When the first people living with HIV were recognized in 1982, the world’s health systems were not prepared to address a new and rapidly expanding epidemic. Almost 40 years after the appearance of AIDS, much has changed. AIDS-related deaths continue to decline as antiretroviral treatment coverage rose to 62% in 2018.
These gains, among other advances in health, have inspired the world to take on an even more ambitious task – to achieve universal health coverage (UHC) by 2030. The HIV response has much to benefit from expanded health coverage, particularly to ensure long-term sustainability of our efforts. Keeping in mind the transformative lessons of the HIV response, the global community needs to approach the UN High-Level Meeting on UHC by uniting around the six key asks.
Ask 1: Ensure Political Leadership Beyond Health – Commit to achieve UHC for healthy lives and well-being for all at all stages, as a social contract.
The HIV response and the broader Millennium Development Goals agenda changed global understanding of what is possible in the realm of health – showing what could be achieved through international solidarity, political leadership, community engagement, people-centred approaches and evidence-informed action. That same spirit must animate our effort to achieve UHC.
Ask 2: Leave No One Behind – Pursue equity in access to quality health services with financial protection.
Expanding health services without addressing the needs of the poorest and most marginalized will fail to achieve coverage that is truly universal. The HIV response has much to give regarding reaching the most vulnerable – such as tailored programmes for key populations, including men who have sex with men, people who inject drugs, sex workers and transgender people; building capacity and leadership of affected communities; and implementing differentiated service delivery models that draw on community resources to expand the reach and impact of treatment and prevention programmes.
Ask 3: Regulate and Legislate – Create a strong, enabling regulatory and legal environment responsive to people’s needs.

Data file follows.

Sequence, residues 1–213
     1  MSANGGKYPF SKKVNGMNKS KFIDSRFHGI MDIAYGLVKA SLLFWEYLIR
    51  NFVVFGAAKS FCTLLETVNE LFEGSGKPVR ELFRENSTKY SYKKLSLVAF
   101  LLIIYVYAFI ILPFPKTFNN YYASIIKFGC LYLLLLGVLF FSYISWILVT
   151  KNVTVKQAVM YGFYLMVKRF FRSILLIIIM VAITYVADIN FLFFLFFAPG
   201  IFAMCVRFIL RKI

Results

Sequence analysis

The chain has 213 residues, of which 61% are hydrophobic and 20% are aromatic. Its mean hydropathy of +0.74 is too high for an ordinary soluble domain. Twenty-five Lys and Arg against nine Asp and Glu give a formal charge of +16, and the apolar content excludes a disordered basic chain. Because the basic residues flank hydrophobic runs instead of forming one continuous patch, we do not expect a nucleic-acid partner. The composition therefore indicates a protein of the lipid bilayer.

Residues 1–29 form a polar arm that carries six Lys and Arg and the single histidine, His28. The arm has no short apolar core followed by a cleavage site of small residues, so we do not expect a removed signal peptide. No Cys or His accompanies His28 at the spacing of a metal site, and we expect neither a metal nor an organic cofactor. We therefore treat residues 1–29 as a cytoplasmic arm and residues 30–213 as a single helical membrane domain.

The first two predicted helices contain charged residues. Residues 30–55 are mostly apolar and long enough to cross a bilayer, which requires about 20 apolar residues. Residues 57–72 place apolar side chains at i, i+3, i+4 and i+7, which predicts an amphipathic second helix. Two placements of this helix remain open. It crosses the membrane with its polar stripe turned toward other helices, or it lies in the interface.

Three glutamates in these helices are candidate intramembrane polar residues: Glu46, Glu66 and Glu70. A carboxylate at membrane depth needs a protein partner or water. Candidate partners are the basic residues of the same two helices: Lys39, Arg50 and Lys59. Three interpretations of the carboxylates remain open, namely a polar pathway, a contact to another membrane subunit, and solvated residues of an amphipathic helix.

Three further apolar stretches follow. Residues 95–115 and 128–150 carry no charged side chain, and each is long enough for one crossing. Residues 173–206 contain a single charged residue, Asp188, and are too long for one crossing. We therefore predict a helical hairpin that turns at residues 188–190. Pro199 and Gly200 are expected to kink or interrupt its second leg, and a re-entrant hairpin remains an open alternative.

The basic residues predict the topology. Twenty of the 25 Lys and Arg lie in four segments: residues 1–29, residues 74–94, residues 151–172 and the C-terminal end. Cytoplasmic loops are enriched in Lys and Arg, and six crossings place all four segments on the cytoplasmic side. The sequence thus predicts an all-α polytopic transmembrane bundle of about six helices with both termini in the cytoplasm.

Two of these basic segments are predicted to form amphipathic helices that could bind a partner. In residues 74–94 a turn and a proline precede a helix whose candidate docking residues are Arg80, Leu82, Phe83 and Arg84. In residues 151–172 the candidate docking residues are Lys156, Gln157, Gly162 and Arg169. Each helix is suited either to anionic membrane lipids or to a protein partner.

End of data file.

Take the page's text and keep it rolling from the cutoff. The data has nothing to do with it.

At its core, UHC draws on the recognition that every human being has an inalienable right to well-being and quality health care. Although much remains to be done to address human rights barriers in the context of HIV, the HIV response has demonstrated how a human rights-based approach is fundamental to improve health and well-being. Both in the case of HIV and in the broader push to expand health coverage towards UHC, focused and sustained efforts are needed to address structural barriers, reduce stigma and discrimination, and ensure access to justice when human violations occur.
Ask 4: Uphold Quality of Care – Build quality health systems that people and communities trust.
Healthcare workers, including clinical officers, nurses, community healthcare workers and peers, have been front and centre in the HIV response. Critical to achieving UHC will be ensuring that all cadres of healthcare workers are equipped to provide high-quality, stigma-free and client-centred HIV and other health services. To promote both access and quality, the HIV response has increasingly decentralized health services, shifting clinical tasks to trained community health workers, and mobilized peer workers who are adept at reaching key populations, adolescents and young people.
Ask 5: Invest More, Invest Better – Sustain public financing and harmonise health investments.
Findings from the recent International AIDS Society-Lancet Commission found that integration of HIV and other health services can be cost effective for improving both HIV and non-HIV-related health outcomes. The Global Fund results show how investments in multiple disease areas have saved 32 million lives and contributed to health systems strengthening. UHC supporters should help to enable full replenishment of The Global Fund in 2019. Increasing domestic investments in health is an urgent necessity, and financial barriers to health service access, including user fees, must be eliminated.
Ask 6: Move Together – Establish multi-stakeholder mechanisms for engaging the whole of society for a healthier world.
The UHC movement must include meaningful participation of communities and civil society. Gains in the HIV response have been made through the collaboration of diverse stakeholders united by commitments to inclusivity, transparency and accountability, with the meaningful engagement of people living with HIV, civil society and healthcare workers. It has revealed what is possible when activism, political leadership, science and community-driven responses come together to challenge the status quo and make evidence-informed and human rights-based decisions.
Critical lessons can be learned from both the failures and successes of the HIV response on the road towards UHC. The UN High-Level Meeting on UHC is an opportunity to unite around access to quality and affordable health services for everyone, everywhere, while maintaining an unwavering commitment to the right to health for all, including people living with and affected by HIV.
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